Today, I arrived in Aberdeen, Scotland. It has been a long day, but it ended well at a gathering for dinner with scholars from the University of Aberdeen and Oxford and tribal representatives who were involved in the only two international repatriations from Scotland to tribes and nations in the U.S. and Canada. Good relationships have been built and ongoing partnerships developed. Scholars here are teaching their students to identify stereotypes of American Indian people and work toward stereotype elimination in society. They are also asserting the importance of working with American Indian communities, as opposed to working without them which has been done repeatedly in past scholarship and research here in Europe.
The conference tomorrow will reflect upon the two past repatriations from Scotland, but will also start looking forward to discuss how to increase the number of international repatriations to indigenous communities. In addition to the repatriation of human remains, funerary objects, sacred objects, and objects of cultural patrimony, there will be a discussion on what I call a “cultural exchange of knowledge,” but what scholars here are beginning to call “cultural repatriation.” In short, this means cooperative studies among museums in the UK and tribes to study things such as quillwork and beadwork both remotely (through the internet) and in person through travelling exhibits to tribal communities.
Currently, Scotland is developing its own repatriation policies and procedures. (England has already done so.) Although such policies have already been developed in several individual museums in Scotland, a more formalized and centralized document is in the works. This document would reach across all non-private museums in the country.
The good news (was there much bad news in this post?) is that the University of Aberdeen appears as if it is working hard toward setting the stage for future international repatriations and “exchanges of cultural knowledge.” Like our economy in the U.S., Scotland and the UK have fallen on much harder times and funding issues could possibly mutually impede the development of these international relations because these sources have been depleted. In the U.S., we have seen several foundations slow or severely limit their grants over the past few years. Legislatures are also having to cut their programs significantly and these cuts have run deep, an indicator of which are the cuts many states are experiencing in education.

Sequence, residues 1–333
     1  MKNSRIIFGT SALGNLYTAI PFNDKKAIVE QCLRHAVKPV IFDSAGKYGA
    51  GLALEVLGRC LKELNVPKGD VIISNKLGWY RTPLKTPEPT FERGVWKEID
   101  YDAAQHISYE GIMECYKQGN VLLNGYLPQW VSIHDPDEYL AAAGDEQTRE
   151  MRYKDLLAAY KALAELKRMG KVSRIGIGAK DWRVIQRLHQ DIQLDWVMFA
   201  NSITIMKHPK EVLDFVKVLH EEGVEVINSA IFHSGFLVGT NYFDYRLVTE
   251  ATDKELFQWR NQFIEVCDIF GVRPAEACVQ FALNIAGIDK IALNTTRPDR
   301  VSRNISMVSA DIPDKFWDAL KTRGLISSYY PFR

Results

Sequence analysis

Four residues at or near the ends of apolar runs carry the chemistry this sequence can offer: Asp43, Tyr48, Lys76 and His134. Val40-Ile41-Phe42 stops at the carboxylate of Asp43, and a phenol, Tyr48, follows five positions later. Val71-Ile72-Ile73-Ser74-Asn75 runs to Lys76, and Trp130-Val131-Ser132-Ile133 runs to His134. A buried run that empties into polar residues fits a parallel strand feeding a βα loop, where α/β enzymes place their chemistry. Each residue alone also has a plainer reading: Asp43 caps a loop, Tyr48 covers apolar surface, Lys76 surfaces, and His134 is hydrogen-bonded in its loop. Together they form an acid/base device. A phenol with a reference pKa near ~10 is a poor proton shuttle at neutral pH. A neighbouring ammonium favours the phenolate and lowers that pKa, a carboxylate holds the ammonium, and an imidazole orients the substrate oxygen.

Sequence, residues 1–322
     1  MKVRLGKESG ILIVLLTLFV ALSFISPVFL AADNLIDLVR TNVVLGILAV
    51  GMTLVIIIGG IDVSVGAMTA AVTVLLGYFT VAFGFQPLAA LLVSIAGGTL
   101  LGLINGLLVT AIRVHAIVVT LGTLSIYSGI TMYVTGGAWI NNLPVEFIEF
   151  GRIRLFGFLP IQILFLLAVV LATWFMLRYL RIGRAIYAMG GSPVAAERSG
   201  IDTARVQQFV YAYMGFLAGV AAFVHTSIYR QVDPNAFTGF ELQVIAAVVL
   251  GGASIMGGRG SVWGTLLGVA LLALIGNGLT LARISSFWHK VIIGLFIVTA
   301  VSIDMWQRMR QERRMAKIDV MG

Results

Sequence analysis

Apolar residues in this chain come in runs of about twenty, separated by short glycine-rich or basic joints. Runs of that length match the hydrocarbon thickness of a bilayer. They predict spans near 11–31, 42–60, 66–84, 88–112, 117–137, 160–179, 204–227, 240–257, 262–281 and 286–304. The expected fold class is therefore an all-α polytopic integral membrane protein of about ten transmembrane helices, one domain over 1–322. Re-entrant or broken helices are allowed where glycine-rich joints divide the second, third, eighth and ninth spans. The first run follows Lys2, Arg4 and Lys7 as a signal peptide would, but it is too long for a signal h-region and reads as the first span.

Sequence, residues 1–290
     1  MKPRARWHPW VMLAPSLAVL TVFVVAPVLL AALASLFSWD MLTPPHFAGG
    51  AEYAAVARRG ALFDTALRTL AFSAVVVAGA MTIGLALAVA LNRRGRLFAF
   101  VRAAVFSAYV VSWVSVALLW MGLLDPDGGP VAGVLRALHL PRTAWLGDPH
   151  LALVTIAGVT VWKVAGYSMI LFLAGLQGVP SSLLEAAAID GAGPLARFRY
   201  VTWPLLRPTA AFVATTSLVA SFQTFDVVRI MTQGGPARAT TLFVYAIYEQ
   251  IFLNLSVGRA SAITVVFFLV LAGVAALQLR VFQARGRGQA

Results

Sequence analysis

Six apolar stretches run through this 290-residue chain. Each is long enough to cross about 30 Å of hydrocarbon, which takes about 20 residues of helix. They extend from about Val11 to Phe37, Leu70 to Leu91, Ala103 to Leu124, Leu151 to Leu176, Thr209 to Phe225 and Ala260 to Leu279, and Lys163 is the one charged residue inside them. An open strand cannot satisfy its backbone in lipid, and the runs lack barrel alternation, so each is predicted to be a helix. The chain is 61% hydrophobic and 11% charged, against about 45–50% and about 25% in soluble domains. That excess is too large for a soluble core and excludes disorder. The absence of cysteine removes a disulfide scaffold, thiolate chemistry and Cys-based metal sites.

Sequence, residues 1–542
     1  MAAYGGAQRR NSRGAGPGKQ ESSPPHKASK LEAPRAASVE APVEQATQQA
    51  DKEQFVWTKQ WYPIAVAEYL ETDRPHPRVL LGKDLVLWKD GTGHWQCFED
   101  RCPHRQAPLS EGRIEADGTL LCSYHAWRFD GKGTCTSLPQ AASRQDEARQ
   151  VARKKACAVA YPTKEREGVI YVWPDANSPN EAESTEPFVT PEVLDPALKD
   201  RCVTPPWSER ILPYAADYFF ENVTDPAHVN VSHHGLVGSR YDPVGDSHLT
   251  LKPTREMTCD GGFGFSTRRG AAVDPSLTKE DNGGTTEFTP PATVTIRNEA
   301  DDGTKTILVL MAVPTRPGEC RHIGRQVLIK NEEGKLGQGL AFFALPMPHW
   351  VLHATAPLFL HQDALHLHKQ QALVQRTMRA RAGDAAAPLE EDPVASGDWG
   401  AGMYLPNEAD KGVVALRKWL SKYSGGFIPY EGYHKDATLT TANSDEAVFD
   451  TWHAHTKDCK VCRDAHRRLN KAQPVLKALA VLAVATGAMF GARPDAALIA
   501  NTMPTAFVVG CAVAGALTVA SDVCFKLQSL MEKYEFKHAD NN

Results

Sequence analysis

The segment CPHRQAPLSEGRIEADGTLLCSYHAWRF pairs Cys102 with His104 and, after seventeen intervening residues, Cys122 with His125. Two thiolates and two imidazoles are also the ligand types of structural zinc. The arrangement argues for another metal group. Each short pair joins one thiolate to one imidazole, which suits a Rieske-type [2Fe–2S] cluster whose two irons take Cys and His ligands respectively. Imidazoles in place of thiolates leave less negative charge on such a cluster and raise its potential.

In many ways and for many reasons, this conversation cannot end because an economy is bad. Some ancient thought slips into my mind as I think about how to find the way around these obstacles: self-sufficiency. But, maybe this will be a longer process even than international repatriation or maybe international repatriation will bring us back to that point. When asked how his community began making international business connections for their tribal businesses in Japan and elsewhere in the world, one tribal elder today affirmatively answered: “international repatriation.” For him, that was the beginning of many activities in the tribe that brought the community back together and gave them greater control to self-determine the health and well-being of their own tribal members.